Altar Call – Opelika-Auburn News
February 19, 2012
Heaven has been on my mind a lot lately
In a recent newspaper obituary a man’s death was described this way: “Samuel Smith arrived in heaven last Saturday after the death of his earthly body.” Presumably the obituary was written by family members who were convinced that Sam had gone to heaven.
Frequently other obituaries imply that the deceased has gone to heaven. One included this statement: “Mary Smith departed this life Tuesday to be with her beloved Savior in heaven.” While it is a lovely thing to say about someone, it does raise the question: Can we be certain that anyone has actually gone to heaven?
Judgment is not in our hands. God handles the judging of a person’s life and he has not asked for our help in the matter. So it may be presumptuous for us announce that another person is in heaven. God decides. We do not.
So let’s put the question in a personal context. Can you be certain you are going to heaven? I think so. I believe I am going to heaven. Am I arrogant to believe that? I don’t think so. Before you condemn me for foolish pride, let me explain why I have this conviction.
For centuries the most famous verse in the Bible has been John 3:16. In our time Tim Tebow has by his bold witness made that verse even more popular.
You remember the words: “For God so loved the world that he gave his only Son that whoever believes in him should not perish, but have everlasting life.”
That statement by Jesus is one of God’s “promises.” You can choose to believe it or not believe it. I believe it. I have embraced it. I have chosen to “believe in” Jesus and surrender my life to him. I did that years ago and I continue to do it every day.
By believing in Jesus I accept God’s offer to “have everlasting life” rather than perish. My critics might say sarcastically, “So you think you are good enough to go to heaven?” Going to heaven is not a matter of being “good.” I know I am not good, pure or perfect. I know that I am not worthy of heaven. But going to heaven is not a matter of worthiness. The gates of heaven swing open not because you are good but because you “believe in” the Son, Jesus.
Anyone may choose to be “whoever.” To “believe in” means to trust. To trust Jesus is to accept the claims he made for himself – to believe that he was telling the truth. He said, among other things, that he was the Door, the Way, the Truth, the Life, the True Vine, the Good Shepherd, the Water of Life, the Resurrection, the Light of the World, and the Bread of Life.
Those are extraordinary claims. Imagine you are in a restaurant and a stranger comes to your table. He introduces himself by saying, “Hello; I am the Light of the World.” How would you react?
Right! You would think the man an escapee from the funny farm! You might even excuse yourself or move to another table. And you could not wait to tell your friends, “Guess what? I had lunch today with “the Light of the World.”
You see my point: Jesus was either crazy or he was not. If he was insane, then nonbelievers have nothing to worry about. However, if he was indeed the Door, then we had better find a way to walk through that Door. If Jesus spoke the truth about himself, then nothing matters more than that we believe in him.
The alternative to believing in Jesus is to “perish.” That means to die, to give up the ghost or to pass away. Wait a minute! Is Jesus pulling my leg? Everyone is going to die. This sounds like doubletalk.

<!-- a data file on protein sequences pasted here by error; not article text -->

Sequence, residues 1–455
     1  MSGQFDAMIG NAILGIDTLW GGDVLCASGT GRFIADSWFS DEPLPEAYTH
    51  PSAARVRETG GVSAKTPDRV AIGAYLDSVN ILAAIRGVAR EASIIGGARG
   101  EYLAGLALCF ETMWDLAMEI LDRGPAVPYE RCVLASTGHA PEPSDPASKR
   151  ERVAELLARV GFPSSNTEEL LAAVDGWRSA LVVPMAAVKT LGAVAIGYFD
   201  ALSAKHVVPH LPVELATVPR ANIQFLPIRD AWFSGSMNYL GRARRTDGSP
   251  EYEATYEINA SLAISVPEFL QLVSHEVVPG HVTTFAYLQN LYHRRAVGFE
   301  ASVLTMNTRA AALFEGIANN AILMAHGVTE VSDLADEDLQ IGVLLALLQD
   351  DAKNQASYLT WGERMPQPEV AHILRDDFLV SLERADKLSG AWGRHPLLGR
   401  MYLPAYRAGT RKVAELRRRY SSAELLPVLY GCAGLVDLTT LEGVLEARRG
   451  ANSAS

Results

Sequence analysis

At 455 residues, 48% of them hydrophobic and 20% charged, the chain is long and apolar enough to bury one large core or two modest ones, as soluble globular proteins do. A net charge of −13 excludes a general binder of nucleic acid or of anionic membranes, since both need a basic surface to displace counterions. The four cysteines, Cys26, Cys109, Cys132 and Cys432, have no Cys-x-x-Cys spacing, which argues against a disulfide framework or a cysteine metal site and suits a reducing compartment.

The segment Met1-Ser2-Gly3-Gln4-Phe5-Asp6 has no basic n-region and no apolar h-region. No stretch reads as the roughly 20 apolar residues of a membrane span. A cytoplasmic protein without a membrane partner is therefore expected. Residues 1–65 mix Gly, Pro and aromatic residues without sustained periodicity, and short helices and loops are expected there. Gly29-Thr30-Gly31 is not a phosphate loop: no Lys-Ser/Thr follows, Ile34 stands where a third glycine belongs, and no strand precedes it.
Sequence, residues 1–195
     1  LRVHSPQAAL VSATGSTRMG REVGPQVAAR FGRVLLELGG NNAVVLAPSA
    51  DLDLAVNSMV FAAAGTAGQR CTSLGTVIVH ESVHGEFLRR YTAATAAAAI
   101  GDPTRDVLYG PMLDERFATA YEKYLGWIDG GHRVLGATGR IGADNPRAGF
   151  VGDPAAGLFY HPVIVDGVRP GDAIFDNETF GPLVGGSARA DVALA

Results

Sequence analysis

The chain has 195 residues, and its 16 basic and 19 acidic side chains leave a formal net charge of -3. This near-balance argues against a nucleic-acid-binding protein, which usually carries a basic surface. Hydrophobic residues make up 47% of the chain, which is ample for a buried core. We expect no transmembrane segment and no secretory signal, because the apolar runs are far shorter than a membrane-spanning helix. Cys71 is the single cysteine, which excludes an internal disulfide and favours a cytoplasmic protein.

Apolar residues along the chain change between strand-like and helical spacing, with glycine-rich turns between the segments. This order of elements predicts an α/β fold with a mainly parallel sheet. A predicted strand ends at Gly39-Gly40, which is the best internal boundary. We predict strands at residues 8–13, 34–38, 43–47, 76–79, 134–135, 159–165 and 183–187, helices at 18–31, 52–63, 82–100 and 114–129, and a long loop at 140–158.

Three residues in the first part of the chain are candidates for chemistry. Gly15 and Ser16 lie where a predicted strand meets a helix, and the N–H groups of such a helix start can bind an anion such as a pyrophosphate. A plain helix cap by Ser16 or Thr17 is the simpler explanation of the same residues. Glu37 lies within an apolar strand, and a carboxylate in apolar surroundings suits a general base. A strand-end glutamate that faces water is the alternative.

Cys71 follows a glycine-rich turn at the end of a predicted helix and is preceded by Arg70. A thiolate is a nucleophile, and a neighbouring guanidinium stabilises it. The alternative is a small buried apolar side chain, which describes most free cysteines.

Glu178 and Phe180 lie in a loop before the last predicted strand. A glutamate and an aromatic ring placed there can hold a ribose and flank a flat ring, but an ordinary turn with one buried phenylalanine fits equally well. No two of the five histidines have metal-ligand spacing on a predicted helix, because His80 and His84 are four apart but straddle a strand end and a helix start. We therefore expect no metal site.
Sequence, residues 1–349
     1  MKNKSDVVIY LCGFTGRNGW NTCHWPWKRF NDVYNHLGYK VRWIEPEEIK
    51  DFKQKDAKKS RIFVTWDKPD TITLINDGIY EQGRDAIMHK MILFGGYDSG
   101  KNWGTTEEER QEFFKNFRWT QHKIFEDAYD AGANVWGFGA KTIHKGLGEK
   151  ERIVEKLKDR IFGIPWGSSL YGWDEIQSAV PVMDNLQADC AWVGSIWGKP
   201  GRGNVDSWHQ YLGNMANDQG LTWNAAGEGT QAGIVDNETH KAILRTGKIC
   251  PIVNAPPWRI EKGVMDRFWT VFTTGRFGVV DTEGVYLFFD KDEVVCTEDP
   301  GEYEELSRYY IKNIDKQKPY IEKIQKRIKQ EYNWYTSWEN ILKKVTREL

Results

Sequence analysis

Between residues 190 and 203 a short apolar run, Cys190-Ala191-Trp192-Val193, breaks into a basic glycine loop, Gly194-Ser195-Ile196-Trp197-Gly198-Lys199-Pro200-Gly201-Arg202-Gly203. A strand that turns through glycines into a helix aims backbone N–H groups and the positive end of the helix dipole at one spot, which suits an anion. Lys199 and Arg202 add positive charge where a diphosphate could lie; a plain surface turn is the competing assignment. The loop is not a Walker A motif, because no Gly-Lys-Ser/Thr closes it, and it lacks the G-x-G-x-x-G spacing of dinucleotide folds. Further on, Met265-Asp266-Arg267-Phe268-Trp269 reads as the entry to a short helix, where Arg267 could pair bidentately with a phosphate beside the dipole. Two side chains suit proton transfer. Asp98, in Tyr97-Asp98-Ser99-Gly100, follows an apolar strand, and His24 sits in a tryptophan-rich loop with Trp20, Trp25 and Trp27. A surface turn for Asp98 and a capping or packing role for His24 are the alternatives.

Look at his statement again. Those who believe in the Son will not perish because they will “have everlasting life.” If Jesus was speaking the truth, then those who believe will receive the gift of “eternal life. “ Those who refuse to believe will die and miss everlasting life. We will all experience the death of the body but only believers will live eternally in heaven.
Why does God offer this gift that the church calls “salvation”? Love explains it all – “God so loved the world.” He loved us all so much that he “gave” his Son. Gave him for what? He gave him to die upon the cross for our sins so that our sins might be forgiven. That is what the cross was all about – forgiveness. Allowing his son to die on the cross was God’s way of saying to the world: “You are forgiven.”
To trust Jesus, or believe in him, is to accept God’s offer of forgiveness. We can never deserve it. That is why it is called grace; it is undeserved. God’s only requirement is that we accept his love with a repentant heart. Without a repentant spirit we can never receive forgiveness. It is available only to those who feel they do not deserve it.
That is why I believe I am going to heaven. I know I am unworthy but I have chosen to believe in the Son and accept God’s unbelievable offer of everlasting life.
When I get to heaven I plan to spend the first thousand years gazing into the face of the Son. All the questions I have for him will be forgotten as I admire the face of the man who died for me. Then I want to get acquainted with Peter, Paul, and the other apostles. After that I will visit with my son, my Dad and Mom, my sister, and others whose memory is precious to me. I look forward to meeting my wife’s dad for the first time.
Then I will look up all the people who influenced me and encouraged me to believe in the Son. I especially want to thank the Sunday school teachers who first taught me that Jesus was my friend. In heaven I will know their names. Without their loving patience I might never have believed in the Son when I became a man.
Heaven is on my mind a lot lately. Perhaps that is because I am an old man. Perhaps it is because many of my longtime friends have died. The death of any person, young or old, is a wakeup call to make sure we are ready for our own passing. Thank God his offer of heaven is open to anyone who believes in his Son Jesus. + + +